Paid petition carriers are out today in Lincoln and Omaha, seeking signatures to curtail the provisions of the death penalty bill that was passed by the Unicameral, vetoed by the Governor, and his veto overridden by the Legislature. The petition also calls for putting the issue on the ballot for the 2016 general election. The Governor is encouraging the petition to get the issue on the ballot, since he feels  a majority of Nebraska voters support retention of the death penalty. Our Senator Mark Kolterman supported the passage and the Governors veto override. As a citizen, I support the elimination of the death penalty and suspect the majority of voters in Kolterman's 24th District may as well. However, I believe Senator Kolterman, and the 30 who voted to override the Governor's veto, did so in providing the leadership we expect of elected officials, without necessarily following the wishes of the majority of their constituents. The challenge of leadership is in being able to sense how far out front the leaders can go, without loosing most of their followers. That sixth “sense” is what determines the effectiveness of a politician. Leadership by definition implies being out front with ideas that will be beneficial for the organization. I respect Senator Kolterman and those who supported the override for their courage and commitment to the long range “good of the State” even if a majority of voters may not agree. But, I believe they will.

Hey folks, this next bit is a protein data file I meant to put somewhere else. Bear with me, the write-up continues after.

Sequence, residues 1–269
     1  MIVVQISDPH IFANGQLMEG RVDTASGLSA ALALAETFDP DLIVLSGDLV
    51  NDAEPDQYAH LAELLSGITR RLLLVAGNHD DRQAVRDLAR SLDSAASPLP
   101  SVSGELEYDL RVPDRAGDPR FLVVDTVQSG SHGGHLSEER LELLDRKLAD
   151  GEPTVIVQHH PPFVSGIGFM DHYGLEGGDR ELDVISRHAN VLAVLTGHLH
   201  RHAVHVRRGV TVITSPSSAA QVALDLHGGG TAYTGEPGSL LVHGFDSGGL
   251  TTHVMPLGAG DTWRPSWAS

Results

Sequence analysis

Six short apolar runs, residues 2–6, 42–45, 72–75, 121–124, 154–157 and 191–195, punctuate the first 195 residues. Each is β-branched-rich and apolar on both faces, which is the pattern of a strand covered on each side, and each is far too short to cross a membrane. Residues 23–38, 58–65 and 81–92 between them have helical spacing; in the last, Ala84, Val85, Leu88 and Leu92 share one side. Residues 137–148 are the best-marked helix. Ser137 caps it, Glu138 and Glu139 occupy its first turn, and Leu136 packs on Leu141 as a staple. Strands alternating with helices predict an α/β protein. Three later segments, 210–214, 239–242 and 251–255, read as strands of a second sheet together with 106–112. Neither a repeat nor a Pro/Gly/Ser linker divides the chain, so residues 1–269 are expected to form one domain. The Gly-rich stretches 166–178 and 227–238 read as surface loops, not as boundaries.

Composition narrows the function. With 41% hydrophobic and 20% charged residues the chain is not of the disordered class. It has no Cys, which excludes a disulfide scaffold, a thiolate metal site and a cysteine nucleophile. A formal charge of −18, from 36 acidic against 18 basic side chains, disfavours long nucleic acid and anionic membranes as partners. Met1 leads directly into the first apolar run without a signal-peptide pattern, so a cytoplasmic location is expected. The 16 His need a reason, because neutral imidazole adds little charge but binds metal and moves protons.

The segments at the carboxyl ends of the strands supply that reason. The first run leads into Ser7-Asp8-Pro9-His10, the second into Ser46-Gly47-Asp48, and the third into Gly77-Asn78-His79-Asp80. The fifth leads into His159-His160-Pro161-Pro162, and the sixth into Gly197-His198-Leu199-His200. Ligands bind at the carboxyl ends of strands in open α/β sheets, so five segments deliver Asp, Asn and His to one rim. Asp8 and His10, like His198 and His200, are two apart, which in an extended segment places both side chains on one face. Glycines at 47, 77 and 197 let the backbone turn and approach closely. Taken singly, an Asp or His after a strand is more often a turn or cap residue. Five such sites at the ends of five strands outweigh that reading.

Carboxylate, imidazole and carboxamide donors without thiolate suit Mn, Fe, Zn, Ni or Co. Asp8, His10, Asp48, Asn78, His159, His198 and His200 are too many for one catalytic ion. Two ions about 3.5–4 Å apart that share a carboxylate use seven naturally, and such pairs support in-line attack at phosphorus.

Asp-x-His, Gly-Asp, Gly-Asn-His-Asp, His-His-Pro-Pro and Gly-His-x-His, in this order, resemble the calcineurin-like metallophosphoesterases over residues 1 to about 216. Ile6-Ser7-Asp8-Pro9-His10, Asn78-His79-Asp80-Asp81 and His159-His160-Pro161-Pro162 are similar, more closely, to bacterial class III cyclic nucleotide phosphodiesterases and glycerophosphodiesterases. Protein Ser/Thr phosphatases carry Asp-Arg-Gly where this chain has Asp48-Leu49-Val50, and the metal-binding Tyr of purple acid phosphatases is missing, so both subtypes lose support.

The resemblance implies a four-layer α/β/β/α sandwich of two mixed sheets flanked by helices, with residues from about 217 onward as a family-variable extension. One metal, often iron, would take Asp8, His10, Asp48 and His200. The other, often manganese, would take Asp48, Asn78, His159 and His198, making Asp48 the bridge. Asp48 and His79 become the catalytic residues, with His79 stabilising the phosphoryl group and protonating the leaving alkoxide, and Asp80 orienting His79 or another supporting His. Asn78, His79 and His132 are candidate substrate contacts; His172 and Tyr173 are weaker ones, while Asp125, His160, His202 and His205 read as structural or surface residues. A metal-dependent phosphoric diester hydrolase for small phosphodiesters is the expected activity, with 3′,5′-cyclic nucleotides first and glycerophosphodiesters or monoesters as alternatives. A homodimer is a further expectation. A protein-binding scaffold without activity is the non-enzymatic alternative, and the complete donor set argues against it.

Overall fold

Friday, June 5, 2015

“66” and Counting